I had never visited Hamburg before this action packed weekend. It was something I had aspired to do for quite some time and having a friend now living out there for work reasons this seemed as good an excuse as any to discover what one of the largest cities in Europe had to offer.
It is strange to think that this city is indeed one of Europe's largest, you wouldn't believe it to be so leaving the relatively small but efficient airport and peering on the quaint local architecture. It certainly doesn't suggest a thriving metropolis but do not be fooled by the façade. Hamburg has many sides and though I tried my best to see as much of this as possible during my 3 days there I am certain there is still much to discover.
Culturally Hamburg has a fantastic, varied and fascinating history. Signs of this a prevalent throughout the city and especially as the banks of the river Elbe, the aquatic behemoth that has been central to the history and growth of the German hub. There are wonderful gothic buildings intertwined with more modern, quintessentially German architecture.
For me however, the real joy of Hamburg was the people, the atmosphere and the ever surprising shift in this ideology from street to street. We were staying in the St Pauli district of Hamburg, not far from one of it's most famous haunts, the notorious Reeperbahn. This area struck me as similar in vibe to Berlin, with many underground, hip bars filled with all manner of people from all walks of life, all of whom were welcoming it must be noted. These bars were almost hidden from the outside, with every more cryptic entrances giving way to glorious internal décor and a vast supply of original, quirky cocktails and drinks. The same could be said of many clubs that held a similar camouflaged veneer only to reveal a fantastic atmosphere within.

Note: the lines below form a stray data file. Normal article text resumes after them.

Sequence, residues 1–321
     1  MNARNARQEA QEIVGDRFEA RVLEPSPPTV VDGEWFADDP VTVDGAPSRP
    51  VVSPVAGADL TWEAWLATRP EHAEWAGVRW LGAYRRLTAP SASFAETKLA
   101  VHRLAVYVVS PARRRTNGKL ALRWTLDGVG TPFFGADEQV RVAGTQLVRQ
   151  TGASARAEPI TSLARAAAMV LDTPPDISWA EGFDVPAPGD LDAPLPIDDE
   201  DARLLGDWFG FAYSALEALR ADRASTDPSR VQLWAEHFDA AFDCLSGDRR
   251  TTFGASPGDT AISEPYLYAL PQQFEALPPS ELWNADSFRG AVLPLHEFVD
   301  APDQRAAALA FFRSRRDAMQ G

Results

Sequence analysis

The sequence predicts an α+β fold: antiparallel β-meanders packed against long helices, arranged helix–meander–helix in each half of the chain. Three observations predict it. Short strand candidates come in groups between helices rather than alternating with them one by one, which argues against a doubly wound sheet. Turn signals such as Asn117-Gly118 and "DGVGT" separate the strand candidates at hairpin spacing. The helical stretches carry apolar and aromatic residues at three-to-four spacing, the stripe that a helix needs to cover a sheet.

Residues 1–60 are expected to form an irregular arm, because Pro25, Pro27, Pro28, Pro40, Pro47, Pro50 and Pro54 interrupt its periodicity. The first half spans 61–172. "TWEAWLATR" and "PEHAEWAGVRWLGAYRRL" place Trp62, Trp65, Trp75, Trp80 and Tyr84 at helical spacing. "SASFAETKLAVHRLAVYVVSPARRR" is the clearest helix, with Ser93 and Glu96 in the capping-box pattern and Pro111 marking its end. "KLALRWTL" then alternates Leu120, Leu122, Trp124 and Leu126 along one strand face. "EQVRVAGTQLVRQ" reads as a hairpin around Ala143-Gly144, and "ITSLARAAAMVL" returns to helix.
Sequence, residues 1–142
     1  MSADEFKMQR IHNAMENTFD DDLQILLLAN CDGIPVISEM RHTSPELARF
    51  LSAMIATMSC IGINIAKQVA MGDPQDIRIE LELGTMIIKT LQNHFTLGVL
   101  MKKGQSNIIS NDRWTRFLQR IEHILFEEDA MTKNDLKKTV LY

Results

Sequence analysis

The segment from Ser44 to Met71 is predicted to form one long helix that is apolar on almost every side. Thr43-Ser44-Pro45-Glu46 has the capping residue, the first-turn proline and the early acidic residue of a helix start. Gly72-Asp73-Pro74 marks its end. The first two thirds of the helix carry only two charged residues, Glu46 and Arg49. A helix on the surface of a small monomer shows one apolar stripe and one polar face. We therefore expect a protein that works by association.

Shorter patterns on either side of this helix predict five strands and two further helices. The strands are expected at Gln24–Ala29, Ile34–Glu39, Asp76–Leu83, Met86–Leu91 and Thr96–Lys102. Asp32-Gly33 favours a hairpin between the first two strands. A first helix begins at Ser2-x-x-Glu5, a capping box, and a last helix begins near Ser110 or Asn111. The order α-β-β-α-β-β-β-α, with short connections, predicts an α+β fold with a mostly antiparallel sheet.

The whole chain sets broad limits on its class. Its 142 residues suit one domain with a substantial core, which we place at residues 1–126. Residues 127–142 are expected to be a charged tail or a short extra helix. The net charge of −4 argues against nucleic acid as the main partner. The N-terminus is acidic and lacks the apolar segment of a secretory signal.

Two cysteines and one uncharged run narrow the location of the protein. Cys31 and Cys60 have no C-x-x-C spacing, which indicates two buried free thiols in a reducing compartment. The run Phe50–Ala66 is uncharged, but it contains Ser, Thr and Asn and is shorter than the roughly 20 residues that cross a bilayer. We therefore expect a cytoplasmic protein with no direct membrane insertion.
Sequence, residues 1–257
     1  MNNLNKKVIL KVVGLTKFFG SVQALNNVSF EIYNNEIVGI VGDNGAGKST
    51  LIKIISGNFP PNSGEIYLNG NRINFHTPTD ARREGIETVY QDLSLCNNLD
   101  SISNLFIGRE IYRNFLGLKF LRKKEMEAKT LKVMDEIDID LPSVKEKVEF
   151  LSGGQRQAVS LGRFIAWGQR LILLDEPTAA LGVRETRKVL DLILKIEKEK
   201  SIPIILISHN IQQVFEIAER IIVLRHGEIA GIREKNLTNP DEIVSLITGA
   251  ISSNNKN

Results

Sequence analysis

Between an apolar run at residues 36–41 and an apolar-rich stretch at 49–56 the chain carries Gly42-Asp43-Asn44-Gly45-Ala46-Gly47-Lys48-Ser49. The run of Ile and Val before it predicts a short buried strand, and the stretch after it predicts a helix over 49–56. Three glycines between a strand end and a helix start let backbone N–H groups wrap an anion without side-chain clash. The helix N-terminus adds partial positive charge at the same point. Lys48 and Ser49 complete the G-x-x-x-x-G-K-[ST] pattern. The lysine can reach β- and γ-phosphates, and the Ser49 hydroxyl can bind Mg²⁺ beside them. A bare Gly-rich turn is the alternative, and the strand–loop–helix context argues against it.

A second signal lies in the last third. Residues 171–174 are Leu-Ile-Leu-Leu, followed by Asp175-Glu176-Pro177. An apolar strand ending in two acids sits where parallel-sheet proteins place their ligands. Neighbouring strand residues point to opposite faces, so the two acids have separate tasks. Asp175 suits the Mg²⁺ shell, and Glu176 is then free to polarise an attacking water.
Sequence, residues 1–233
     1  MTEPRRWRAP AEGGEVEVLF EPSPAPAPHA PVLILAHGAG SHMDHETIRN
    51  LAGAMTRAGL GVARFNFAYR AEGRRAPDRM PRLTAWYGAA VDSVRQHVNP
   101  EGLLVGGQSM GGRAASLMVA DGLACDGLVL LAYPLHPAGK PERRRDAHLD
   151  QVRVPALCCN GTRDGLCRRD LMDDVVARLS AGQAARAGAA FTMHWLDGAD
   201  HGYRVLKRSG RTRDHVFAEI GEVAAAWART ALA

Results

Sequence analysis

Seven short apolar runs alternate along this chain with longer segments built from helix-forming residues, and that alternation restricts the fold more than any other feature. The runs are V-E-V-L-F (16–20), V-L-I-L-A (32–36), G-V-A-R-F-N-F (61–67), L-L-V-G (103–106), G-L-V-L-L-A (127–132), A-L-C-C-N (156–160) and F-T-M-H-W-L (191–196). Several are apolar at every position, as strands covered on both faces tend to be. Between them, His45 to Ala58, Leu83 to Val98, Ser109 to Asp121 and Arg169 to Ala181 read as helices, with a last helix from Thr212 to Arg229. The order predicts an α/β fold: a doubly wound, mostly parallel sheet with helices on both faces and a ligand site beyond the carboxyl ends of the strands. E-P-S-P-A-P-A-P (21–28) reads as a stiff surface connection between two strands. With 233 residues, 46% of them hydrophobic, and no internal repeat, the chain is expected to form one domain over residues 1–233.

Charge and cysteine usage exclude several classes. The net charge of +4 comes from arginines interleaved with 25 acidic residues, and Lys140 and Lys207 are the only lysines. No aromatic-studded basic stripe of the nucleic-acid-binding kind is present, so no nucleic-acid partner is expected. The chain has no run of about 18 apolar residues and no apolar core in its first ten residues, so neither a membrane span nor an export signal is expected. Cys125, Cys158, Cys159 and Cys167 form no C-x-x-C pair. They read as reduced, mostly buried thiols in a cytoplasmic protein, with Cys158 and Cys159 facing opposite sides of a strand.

Yet only streets away was the Reeperbahn, the notorious red light district and packed with many tourist like clubs and bars, far removed from the underground, understated concept of the bars only metres away, with their brash neon signs and enthusiastic promotional workers beckoning you inside. This could just as easily be a concrete bound Magaluf such was its brazen ways. That is not to say this was a criticism, it was enjoyable as an experience but more fascinating given the contrast between there and much of the rest of the city.
It is also useful to bare in mind that this is all possible due to the radically left wing attitudes of the locals in the St Pauli area. I learned quickly how proud they are of their community and use this as positive force in all areas of life. The local football team of the same name often have pro-immigration and equal rights marches before home games and if you get the chance to visit a match while you are there I would implore you to do so. the atmosphere is fantastic as well as extremely welcoming at a ridiculously cheap price, especially in comparison to our much vaunted Premier League.
I saw many sides to Hamburg in my short stay there but all of them were fantastic in their own way. It is a city that you could visit many times and still be surprised by some of its facets. However, at the heart of all of these are the people. They drive the atmosphere and make the city what it is, building on a wonderful history to a thriving future.